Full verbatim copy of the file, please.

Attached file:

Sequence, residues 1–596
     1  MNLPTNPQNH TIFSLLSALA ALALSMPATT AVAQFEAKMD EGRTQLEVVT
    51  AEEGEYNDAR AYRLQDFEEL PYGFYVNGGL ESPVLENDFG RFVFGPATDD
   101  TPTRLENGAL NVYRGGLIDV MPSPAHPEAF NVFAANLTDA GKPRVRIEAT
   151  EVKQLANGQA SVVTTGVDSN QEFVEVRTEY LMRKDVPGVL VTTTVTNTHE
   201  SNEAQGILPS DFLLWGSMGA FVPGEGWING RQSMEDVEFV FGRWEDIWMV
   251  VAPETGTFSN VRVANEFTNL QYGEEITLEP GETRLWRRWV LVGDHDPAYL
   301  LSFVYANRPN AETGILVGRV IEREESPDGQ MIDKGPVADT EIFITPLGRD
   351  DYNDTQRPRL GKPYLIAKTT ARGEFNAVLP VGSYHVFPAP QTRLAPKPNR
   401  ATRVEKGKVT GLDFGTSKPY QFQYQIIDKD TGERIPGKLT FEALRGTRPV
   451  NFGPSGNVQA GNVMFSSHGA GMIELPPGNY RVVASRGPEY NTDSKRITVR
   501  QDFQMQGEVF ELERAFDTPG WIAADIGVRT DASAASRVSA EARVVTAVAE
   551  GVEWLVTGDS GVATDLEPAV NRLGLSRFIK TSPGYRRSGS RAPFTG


Sequence, residues 1–596
     1  MNLPTNPQNH TIFSLLSALA ALALSMPATT AVAQFEAKMD EGRTQLEVVT
    51  AEEGEYNDAR AYRLQDFEEL PYGFYVNGGL ESPVLENDFG RFVFGPATDD
   101  TPTRLENGAL NVYRGGLIDV MPSPAHPEAF NVFAANLTDA GKPRVRIEAT
   151  EVKQLANGQA SVVTTGVDSN QEFVEVRTEY LMRKDVPGVL VTTTVTNTHE
   201  SNEAQGILPS DFLLWGSMGA FVPGEGWING RQSMEDVEFV FGRWEDIWMV
   251  VAPETGTFSN VRVANEFTNL QYGEEITLEP GETRLWRRWV LVGDHDPAYL
   301  LSFVYANRPN AETGILVGRV IEREESPDGQ MIDKGPVADT EIFITPLGRD
   351  DYNDTQRPRL GKPYLIAKTT ARGEFNAVLP VGSYHVFPAP QTRLAPKPNR
   401  ATRVEKGKVT GLDFGTSKPY QFQYQIIDKD TGERIPGKLT FEALRGTRPV
   451  NFGPSGNVQA GNVMFSSHGA GMIELPPGNY RVVASRGPEY NTDSKRITVR
   501  QDFQMQGEVF ELERAFDTPG WIAADIGVRT DASAASRVSA EARVVTAVAE
   551  GVEWLVTGDS GVATDLEPAV NRLGLSRFIK TSPGYRRSGS RAPFTG